Trefor Owen a Trad but sometimes a very not Trad Clogmaker. Wales.

treforowenclogmaker.co.uk or clogs@globalnet.co.uk

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Re: Making Women's Shoes

#63 Post by holly » Mon Aug 08, 2011 4:18 pm

Thank you, Trefor.
I will try not to ask all 10,000 questions at once.

the_high_heel

Re: Making Women's Shoes

#64 Post by the_high_heel » Sat Mar 17, 2012 7:21 pm

On this note, does anyone know of or can recommend a good tome on the construction of women's footwear? There are copious compediums on men's footwear and yet, seem to be a distinct dearth on the fairer sex.

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Re: Making Women's Shoes

#65 Post by holly » Wed Jul 18, 2012 3:38 pm

Hi there, (mostly) gentlemen, and any fellow ladies.

I am struggling with ankle straps. I would love a referral to any text that deals with placement, shape, grading...you name it. I don't feel that the last provides enough information to produce a product that is acceptable on the range "standard" feet. I can make it work in my own size by using my foot and ankle as a reference, but I find that the strap is twisting, buckling, hitting the ankle bone or otherwise being annoying in graded sizes.

None of my books have quite much info, so I am throwing myself upon your expertise.
Here is the shoe I'm working on, with some much needed help from both Trefor and Tim.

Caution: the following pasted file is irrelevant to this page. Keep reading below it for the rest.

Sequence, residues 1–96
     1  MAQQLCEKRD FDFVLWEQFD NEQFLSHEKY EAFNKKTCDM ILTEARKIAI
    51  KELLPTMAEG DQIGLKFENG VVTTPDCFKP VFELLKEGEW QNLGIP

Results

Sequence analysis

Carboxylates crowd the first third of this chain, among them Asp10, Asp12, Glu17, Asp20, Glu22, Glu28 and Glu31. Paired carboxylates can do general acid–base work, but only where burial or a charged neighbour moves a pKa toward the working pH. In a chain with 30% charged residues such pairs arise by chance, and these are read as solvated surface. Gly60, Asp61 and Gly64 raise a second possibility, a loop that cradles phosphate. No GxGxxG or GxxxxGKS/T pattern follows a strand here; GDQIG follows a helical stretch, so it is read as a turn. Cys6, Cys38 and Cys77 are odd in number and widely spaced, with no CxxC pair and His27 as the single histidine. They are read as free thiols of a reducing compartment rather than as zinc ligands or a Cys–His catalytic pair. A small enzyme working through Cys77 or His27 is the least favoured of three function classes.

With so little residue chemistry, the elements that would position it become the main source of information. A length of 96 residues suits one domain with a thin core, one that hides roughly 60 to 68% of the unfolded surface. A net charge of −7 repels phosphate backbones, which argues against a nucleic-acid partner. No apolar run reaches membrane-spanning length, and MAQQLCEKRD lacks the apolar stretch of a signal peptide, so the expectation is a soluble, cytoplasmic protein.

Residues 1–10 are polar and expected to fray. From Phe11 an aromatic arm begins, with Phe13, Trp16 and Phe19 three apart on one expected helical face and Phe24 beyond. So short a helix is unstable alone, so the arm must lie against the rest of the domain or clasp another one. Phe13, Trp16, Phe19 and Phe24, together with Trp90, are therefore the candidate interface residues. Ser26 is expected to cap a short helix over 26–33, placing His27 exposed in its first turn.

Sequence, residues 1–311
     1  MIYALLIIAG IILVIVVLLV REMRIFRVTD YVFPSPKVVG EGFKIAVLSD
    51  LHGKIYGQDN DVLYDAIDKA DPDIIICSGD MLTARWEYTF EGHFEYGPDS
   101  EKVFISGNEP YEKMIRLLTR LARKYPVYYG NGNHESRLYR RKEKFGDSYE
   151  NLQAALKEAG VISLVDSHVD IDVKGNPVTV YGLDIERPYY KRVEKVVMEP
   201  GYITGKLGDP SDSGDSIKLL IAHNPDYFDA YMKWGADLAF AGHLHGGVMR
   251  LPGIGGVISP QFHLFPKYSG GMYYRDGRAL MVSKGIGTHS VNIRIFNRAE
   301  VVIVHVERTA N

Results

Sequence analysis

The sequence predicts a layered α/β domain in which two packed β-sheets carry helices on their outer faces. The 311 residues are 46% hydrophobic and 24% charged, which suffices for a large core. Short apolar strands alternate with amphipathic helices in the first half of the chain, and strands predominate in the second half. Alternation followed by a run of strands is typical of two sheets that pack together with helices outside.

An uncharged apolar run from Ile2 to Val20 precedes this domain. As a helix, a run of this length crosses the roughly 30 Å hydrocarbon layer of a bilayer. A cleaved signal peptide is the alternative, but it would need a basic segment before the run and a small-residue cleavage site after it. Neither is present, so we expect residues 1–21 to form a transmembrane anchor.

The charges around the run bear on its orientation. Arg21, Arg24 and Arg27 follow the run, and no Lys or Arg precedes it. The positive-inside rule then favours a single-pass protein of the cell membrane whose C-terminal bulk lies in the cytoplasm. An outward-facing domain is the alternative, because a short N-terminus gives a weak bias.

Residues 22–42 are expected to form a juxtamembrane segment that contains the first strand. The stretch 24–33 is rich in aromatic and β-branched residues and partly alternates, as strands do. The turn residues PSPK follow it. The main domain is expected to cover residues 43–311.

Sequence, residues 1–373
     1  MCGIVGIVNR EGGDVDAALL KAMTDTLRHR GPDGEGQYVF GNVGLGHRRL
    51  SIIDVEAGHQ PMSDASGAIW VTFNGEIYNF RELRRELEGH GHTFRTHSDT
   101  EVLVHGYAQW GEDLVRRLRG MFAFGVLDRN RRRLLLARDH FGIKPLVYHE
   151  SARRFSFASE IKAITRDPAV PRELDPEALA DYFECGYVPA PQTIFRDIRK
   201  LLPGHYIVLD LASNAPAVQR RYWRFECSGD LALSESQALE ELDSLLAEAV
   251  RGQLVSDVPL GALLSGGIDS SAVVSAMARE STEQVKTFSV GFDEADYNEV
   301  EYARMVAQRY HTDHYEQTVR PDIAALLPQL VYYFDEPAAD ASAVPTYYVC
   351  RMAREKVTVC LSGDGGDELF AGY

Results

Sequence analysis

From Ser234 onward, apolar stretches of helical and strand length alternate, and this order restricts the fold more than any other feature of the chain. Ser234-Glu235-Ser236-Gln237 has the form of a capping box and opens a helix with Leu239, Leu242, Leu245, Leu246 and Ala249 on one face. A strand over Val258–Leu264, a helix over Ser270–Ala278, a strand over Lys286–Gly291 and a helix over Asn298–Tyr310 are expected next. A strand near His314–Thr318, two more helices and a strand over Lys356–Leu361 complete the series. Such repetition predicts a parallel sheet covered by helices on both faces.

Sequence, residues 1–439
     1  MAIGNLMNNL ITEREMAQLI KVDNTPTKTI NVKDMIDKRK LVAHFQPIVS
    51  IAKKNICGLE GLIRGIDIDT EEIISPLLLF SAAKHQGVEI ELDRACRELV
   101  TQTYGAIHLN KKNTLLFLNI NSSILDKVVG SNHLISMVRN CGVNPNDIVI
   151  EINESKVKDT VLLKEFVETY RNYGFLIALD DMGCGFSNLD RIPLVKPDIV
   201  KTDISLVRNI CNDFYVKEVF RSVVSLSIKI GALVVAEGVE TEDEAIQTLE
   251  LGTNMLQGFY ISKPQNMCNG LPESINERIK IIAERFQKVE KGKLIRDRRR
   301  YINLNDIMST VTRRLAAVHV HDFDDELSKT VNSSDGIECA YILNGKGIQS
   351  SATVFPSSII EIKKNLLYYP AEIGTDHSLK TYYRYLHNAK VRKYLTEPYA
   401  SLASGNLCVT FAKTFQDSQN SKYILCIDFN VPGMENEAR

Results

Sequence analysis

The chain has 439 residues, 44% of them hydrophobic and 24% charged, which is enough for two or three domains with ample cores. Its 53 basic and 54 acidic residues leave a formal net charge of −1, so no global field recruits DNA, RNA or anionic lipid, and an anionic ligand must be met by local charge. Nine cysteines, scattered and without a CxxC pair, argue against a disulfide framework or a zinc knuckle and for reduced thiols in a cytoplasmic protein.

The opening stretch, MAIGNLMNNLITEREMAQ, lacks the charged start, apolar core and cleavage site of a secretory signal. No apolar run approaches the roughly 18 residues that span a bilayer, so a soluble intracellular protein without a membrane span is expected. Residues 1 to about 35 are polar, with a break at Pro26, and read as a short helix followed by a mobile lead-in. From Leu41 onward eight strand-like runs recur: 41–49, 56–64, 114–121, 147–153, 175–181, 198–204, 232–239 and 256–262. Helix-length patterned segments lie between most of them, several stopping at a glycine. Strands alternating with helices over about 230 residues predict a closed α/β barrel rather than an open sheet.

This strap is the solution I have landed on as being non-cutting and secure. I am not married to this shape or style. Any input is appreciated.
Thanks!
Image

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Re: Making Women's Shoes

#66 Post by holly » Wed Jul 18, 2012 3:43 pm

Hi there, (mostly) gentlemen, and any fellow ladies.

I am struggling with ankle straps. I would love a referral to any text that deals with placement, shape, grading...you name it. I don't feel that the last provides enough information to produce a product that is acceptable on the range "standard" feet. I can make it work in my own size by using my foot and ankle as a reference, but I find that the strap is twisting, buckling, hitting the ankle bone or otherwise being annoying in graded sizes.

None of my books have quite much info, so I am throwing myself upon your expertise.
Here is the shoe I'm working on, with some much needed help from both Trefor and Tim.

This strap is the solution I have landed on as being non-cutting and secure. I am not married to this shape or style. Any input is appreciated.
Thanks!
14809.jpg
14809.jpg (21.71 KiB) Viewed 3206 times

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Re: Making Women's Shoes

#67 Post by artzend » Wed Jul 18, 2012 6:17 pm

Holly.

Do you have pattern cutting books? If so, you can use the topline of a shoe to create your sandal strap. That will keep the buckle out of the way.

Put some reinforcing between upper and lining of the piece that runs down to the insole. That will help it to stand up properly.

Tim

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Re: Making Women's Shoes

#68 Post by elfn » Wed Jul 18, 2012 7:29 pm

Based on my own experience, it looks like the vertical strap at the heel is too far back. It should be centered directly below the ankle bone for maximum comfort.

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Re: Making Women's Shoes